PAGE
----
There are various information leaflets produced by the NHS Screening Programme and other organisations such as Jo's Cervical Cancer Trust about cervical screening and follow-up (see 'Resources'). Leaflets about cervical screening were available at the surgery and were sometimes given to women by the practice nurse, or in other cases, were sent to women with the invitation letter for their screening test.

One young woman explained how she felt less anxious than she might have done about having her first screening test because the nurse had given her a leaflet beforehand and explained to her exactly what the test would involve. Women were often given opportunities during their cervical screening appointment to ask questions about the test. All women should now receive a leaflet with their invitation.

Some of the younger women were given an explanation of the test procedure and the instruments used. One woman explains how she found it helpful to be shown the speculum used to open the vagina during the test.

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Some older women had been given explanations about the effect of the menopause on hormone levels, and how this can cause dryness and make it more difficult to insert the speculum or cause some bleeding. One woman explains how she was told by the nurse that getting sufficient cervical cells during cervical screening can sometimes be more difficult in women who had gone through the menopause. Liquid based cytology has reduced the number of inadequate test results and these days women are less likely to need to return for a second test.

Some women who had experienced the previous method of cervical screening (smear test) found the test mildly uncomfortable, but not painful. In some cases, women had found it painful when the nurse took the cells or needed to change the size of the speculum, or to readjust the position of the speculum to see the cervix properly. Women we interviewed who had experienced liquid-based cytology said they experienced less discomfort taking the cells, because the procedure is much quicker and a brush-like device is used to gently brush cells from the cervix, but the speculum size may still need to be altered or the position readjusted which can cause discomfort.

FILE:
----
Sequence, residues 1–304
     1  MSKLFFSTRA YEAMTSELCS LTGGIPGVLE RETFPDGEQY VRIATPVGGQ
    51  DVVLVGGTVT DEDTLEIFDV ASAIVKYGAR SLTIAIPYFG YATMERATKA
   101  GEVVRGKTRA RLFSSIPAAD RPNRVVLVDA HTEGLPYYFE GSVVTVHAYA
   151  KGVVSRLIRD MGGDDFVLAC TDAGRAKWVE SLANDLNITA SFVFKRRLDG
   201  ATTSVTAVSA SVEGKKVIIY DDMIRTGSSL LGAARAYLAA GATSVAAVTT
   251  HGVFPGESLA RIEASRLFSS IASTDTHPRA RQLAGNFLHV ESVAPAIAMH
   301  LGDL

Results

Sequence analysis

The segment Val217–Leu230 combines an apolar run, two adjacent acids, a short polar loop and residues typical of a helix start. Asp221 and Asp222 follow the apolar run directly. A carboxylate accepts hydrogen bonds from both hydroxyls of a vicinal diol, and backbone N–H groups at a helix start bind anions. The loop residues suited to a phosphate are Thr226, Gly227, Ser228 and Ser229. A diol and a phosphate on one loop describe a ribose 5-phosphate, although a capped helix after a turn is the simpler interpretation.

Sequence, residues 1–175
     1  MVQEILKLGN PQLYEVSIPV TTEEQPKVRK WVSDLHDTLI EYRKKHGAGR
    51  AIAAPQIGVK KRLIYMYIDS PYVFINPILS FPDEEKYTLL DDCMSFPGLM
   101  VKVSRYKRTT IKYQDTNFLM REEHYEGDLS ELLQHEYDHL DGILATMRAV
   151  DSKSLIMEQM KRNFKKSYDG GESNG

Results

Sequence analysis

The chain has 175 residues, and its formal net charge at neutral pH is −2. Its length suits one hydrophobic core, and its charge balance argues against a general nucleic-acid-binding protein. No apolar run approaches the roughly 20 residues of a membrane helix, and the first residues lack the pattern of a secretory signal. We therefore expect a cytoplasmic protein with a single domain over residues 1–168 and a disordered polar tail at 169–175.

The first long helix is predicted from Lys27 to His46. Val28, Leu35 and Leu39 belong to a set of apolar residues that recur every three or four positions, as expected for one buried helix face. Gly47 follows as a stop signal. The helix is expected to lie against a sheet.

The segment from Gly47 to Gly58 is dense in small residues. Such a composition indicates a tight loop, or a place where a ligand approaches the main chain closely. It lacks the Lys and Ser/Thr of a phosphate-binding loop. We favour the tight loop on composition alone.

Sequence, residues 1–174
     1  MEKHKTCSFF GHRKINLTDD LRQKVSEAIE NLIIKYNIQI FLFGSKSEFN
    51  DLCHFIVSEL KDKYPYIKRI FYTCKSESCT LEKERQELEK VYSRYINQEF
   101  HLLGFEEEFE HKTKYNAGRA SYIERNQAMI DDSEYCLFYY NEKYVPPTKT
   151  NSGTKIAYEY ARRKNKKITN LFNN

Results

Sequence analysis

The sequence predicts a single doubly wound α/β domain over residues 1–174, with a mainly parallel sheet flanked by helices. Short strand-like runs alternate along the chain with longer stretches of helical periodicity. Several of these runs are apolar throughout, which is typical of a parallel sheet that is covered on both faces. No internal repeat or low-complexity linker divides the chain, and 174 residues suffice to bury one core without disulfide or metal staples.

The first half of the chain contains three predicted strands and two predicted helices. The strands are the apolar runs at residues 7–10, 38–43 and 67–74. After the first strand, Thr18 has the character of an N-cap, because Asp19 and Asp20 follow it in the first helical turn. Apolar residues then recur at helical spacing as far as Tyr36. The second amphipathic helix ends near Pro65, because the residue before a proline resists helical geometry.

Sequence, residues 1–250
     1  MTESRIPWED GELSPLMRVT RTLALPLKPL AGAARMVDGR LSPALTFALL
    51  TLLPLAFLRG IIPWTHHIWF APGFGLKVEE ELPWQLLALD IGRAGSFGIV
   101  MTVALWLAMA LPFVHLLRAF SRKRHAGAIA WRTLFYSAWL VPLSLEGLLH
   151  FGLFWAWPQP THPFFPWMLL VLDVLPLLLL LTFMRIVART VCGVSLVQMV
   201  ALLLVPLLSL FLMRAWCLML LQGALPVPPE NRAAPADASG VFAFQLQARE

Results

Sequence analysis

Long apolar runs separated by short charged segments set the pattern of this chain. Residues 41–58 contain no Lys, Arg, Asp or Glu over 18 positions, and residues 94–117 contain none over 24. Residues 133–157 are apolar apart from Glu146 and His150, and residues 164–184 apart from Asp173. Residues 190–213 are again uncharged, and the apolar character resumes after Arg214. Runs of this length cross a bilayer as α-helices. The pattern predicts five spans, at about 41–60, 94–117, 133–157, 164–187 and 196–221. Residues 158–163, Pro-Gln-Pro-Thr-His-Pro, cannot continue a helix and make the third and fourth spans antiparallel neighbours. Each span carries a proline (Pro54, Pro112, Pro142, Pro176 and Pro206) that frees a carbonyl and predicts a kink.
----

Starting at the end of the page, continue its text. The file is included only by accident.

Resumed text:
Sometimes women found it uncomfortable when the speculum was inserted in to their vagina. Women who find the procedure painful should tell the nurse or doctor straightaway as they may be able to reduce their discomfort.

Women who had found it easier to relax were more likely to describe the test as slightly uncomfortable rather than painful. Some found that familiarity with the test, or having children, had made the test less unpleasant.

Many commented that although they had experienced embarrassment or painful screening tests in the past they considered it very important to attend for cervical screening.

Tests are usually performed by the Practice Nurse who is usually a woman but women can always request a female nurse if the Practice Nurse is male. Although women often said they prefer to have a woman undertake the test, some women had no preference and a few preferred a male doctor. Some said they preferred a doctor rather than a nurse perform the test. Others preferred a nurse because they felt more comfortable or they didn't have to wait too long for an appointment. One woman who had a previous bad experience preferred to have her screening test undertaken by a doctor or nurse that she trusted.

While some women wanted to have cervical screening taken by someone they were familiar with, others felt that too much familiarity would increase their embarrassment. A practitioner who was sensitive, and provided time for explanation and information was important for many women in their decisions to return a second time for cervical screening.

Last reviewed October 2015.

Last updated October 2015.